Cranfield University has announced it is part of a new programme to test the European Union’s readiness to manage a broad range of drone operations and their interaction with manned aviation.
EuroDrone, which will soon be implemented in Greece, has been designed to connect operators, regulators, law enforcement agencies and product developers.
Organisers are hoping that the program will allow professionals from different sectors in the industry to discover the different systems they use in a unified environment.
It is part of a series of 18-month drone demonstration programmes getting underway at urban and rural locations across Europe to test the implementation of U-space, an EU initiative to ensure safe and secure drone traffic management in its airspace.
EuroDrone will test U-space functionalities at an enhanced service level, paving the way for a broad range of drone operations and related services that are currently restricted.
Professor Antonios Tsourdos, head of the Autonomous and Cyber-Physical Systems Centre at Cranfield, said: “Drones and autonomous vehicles have a wide range of potential uses which are currently underexploited. The presence of unmanned aerial vehicles in our airspace will become increasingly common and test programmes such as this are crucial to ensuring they can operate safely alongside one another and manned aircraft.”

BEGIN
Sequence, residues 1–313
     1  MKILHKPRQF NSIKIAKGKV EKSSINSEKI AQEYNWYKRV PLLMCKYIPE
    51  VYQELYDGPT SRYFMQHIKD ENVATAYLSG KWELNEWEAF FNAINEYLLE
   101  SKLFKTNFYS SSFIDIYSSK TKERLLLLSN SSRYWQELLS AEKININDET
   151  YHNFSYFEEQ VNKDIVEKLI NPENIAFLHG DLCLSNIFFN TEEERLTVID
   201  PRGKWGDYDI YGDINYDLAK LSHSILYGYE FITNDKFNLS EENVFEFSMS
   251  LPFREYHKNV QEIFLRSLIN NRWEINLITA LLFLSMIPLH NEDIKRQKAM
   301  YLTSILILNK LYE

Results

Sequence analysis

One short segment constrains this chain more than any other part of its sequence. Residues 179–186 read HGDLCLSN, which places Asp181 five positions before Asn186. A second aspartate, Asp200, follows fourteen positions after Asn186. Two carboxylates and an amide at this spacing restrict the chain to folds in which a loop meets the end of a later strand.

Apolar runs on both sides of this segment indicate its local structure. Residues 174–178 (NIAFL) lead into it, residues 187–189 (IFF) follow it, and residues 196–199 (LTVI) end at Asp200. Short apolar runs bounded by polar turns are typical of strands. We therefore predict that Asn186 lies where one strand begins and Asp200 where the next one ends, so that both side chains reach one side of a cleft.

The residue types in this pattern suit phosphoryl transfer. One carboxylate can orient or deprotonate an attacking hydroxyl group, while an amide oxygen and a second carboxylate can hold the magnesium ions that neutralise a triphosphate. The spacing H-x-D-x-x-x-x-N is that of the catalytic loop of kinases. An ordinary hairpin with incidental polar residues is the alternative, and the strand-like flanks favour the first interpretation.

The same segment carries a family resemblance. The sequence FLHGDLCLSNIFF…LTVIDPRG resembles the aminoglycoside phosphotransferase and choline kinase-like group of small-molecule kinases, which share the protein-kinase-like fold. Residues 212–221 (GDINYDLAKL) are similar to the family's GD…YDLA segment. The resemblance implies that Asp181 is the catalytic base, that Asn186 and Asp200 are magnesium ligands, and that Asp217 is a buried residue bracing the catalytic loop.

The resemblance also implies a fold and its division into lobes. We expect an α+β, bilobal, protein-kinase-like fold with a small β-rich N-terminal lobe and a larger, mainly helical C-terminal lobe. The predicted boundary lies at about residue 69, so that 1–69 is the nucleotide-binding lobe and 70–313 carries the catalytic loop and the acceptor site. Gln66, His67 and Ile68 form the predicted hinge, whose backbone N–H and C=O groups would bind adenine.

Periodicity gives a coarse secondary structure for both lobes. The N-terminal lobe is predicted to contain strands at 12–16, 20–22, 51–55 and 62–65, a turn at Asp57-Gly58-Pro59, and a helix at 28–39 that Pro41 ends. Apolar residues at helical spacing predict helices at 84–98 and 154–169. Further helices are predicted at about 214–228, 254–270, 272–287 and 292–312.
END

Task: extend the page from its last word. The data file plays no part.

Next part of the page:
He added: “Unlike the recently announced National Beyond visual line of sight Experimentation Corridor (NBEC) extending from Cranfield Airport, the EuroDrone testbed is located over the sea and will provide valuable experience of operating drones both nationally and internationally in different environments.”
The EuroDRONE architecture is made up of cloud-based software and hardware to be installed on drones.
It is a sophisticated self-learning system operating in a distributed computing environment and offers multiple levels of redundancy, fail-safe algorithms for conflict prevention, resolution and asset management.